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Ofra Does Her Laundry in My Tears

Your daily poetry fix

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In 11th-century Spain, where the great Hebrew poet Yehuda Halevi composed many of his masterworks, poetry was, for the educated classes, the language of everyday life. In his biography of Halevi, published this year by Nextbook Press, Hillel Halkin describes the young Halevi improvising poetry (about the pleasures of wine, of course) in a busy tavern—which, Halkin explains, would not have been an unusual way to spend an evening. “If calling an age ‘poetic’ refers, not to some supposed collective sublimity or imaginativeness of mind, but, more mundanely, to the widespread use of poetry in ordinary life as a medium of communication and social exchange, the young man was born in one of the most historically poetic of ages,” Halkin writes. “Poems were an everyday vehicle for the expression of emotion; for the sending of messages and requests; for the carrying of news from one encampment to another; for the recording and remembering of unusual events; for the wooing of the opposite sex; for the enhancement of celebrations; for the flattering of authority; for the vaunting of one’s exploits; for the praising of one’s friends and the derogation of one’s enemies, and the like.”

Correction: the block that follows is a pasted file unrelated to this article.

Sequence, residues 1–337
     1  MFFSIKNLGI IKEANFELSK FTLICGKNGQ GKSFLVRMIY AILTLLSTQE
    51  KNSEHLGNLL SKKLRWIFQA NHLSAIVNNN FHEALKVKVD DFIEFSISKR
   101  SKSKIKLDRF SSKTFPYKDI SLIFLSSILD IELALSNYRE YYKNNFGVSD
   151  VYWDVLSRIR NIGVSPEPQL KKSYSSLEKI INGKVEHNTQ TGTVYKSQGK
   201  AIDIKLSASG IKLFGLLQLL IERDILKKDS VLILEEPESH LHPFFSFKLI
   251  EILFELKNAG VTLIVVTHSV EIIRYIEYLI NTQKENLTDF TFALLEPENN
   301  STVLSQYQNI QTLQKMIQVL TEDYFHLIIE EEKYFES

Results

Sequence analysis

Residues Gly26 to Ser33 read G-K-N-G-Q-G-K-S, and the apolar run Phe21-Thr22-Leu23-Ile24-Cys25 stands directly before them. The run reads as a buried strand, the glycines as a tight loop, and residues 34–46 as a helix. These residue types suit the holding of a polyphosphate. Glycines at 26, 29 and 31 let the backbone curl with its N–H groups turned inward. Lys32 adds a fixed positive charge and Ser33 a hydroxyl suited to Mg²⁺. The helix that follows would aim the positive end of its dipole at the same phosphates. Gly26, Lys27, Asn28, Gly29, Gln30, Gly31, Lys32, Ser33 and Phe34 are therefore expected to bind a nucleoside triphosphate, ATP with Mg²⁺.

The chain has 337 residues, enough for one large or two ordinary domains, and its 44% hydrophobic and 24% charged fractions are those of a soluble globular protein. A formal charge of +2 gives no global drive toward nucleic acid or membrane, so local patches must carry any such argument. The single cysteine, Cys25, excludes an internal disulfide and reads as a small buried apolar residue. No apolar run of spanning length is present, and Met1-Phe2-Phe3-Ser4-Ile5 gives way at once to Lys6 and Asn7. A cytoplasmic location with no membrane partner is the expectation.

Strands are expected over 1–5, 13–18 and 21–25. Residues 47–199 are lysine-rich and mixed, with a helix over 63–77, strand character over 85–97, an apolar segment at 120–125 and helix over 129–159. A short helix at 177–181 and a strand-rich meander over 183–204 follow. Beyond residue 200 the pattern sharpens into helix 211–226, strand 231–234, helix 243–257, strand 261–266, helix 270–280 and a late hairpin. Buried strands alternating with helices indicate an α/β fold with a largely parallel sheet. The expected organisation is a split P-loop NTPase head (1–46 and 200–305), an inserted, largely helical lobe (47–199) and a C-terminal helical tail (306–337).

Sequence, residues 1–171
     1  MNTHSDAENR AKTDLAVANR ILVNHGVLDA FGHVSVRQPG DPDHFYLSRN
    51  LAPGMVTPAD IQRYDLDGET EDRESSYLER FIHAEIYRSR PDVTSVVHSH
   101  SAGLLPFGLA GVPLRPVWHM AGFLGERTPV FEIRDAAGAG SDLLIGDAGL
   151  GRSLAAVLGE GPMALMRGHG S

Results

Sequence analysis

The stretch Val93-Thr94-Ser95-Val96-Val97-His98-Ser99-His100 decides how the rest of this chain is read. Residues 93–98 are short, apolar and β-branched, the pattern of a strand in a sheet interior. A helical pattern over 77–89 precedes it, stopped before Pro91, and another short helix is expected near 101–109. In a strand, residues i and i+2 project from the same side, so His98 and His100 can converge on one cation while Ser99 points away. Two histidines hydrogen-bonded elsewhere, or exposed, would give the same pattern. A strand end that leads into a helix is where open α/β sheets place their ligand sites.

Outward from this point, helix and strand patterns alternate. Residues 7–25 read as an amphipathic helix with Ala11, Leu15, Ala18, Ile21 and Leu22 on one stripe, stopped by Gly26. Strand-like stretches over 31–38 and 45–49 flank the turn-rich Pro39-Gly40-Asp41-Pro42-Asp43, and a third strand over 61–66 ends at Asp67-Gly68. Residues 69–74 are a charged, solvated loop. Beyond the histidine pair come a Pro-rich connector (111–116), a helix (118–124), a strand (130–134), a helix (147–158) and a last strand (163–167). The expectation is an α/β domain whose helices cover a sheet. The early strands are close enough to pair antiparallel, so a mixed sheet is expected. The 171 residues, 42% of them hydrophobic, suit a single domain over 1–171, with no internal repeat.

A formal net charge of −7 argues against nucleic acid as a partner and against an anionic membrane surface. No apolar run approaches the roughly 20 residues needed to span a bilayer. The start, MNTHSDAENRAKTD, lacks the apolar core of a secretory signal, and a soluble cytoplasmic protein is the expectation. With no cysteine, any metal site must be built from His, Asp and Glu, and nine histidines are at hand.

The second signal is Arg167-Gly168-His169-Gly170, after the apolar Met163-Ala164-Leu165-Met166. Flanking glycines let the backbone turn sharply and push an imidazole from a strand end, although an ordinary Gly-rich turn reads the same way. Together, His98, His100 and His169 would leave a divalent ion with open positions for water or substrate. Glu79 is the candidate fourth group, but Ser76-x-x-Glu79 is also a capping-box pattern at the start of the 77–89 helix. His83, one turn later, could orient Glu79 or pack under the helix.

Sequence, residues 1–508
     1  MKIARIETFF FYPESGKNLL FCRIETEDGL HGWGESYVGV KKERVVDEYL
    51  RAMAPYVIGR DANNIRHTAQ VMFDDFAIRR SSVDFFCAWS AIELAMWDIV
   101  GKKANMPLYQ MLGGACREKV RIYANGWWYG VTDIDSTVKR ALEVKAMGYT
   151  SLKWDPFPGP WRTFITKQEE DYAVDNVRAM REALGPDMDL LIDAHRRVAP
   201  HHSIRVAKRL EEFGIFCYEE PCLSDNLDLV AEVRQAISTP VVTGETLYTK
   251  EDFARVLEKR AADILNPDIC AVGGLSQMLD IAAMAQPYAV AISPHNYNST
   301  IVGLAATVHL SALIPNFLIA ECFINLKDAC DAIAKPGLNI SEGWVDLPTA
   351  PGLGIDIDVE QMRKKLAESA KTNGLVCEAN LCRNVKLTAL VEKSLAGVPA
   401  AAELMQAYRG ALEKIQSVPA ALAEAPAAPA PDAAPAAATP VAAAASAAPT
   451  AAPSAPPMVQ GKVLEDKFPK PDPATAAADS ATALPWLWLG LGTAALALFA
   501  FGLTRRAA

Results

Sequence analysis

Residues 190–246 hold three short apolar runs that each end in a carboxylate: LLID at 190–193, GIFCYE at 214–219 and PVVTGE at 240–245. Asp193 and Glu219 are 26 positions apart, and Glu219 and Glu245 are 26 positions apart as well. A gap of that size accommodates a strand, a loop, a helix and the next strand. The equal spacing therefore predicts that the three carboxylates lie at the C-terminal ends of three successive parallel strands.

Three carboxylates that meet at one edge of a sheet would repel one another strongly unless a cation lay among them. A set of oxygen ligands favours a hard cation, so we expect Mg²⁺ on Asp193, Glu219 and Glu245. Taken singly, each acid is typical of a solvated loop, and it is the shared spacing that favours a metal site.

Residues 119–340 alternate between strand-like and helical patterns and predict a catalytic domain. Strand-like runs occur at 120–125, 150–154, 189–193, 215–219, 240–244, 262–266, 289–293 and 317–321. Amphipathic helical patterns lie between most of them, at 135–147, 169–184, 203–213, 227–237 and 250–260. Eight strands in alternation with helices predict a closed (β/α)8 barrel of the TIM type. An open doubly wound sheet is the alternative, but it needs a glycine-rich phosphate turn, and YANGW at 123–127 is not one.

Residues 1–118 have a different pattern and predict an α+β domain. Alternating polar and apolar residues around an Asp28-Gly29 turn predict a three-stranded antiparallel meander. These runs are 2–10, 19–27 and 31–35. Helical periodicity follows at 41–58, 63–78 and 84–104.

Twentieth-century America is a little bit different. For most of us, poetry is something outside of the everyday—but to celebrate National Poetry Month, Tablet is trying to be a bit more like medieval Spain by including a Halevi poem, in Halkin’s new translation, on the Scroll each afternoon. Today’s first short poem—actually a fragment—is, as Halkin puts it, a “bantering quatrain” about a woman we know nothing about: maybe an actual love interest, maybe just a literary construct. The second poem is also about longing—for southern Spain, written while Halevi was living in the north. He would return many times to theme of homesickness. Enjoy your daily drink of Andalusian wine below—or download and print out a pocket-sized version here. Plus, check out a bonus poetry feature from our archives, and don’t forget to enter Nextbook Press and Tablet Magazine’s Yehuda Halevi poetry contest!

Ofra does her laundry in my tears
And dries it in the sunshine she gives off
She doesn’t need to take it to the trough,
Or wait to hang it till the weather clears,

***

A dove weeps in the treetops
And her sobs make my heart sore,
For its pangs are as her pain is
And my fate is shared by her.
I cry for kin and country,
She for her old nesting grounds;
I for my lost dear ones,
She for her scattered friends;
I for days long vanished,
She for youth now fled.

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Rachel says:

Erm, we’re in the 21st century. Get with the times, Tablet.

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Ofra Does Her Laundry in My Tears

Your daily poetry fix

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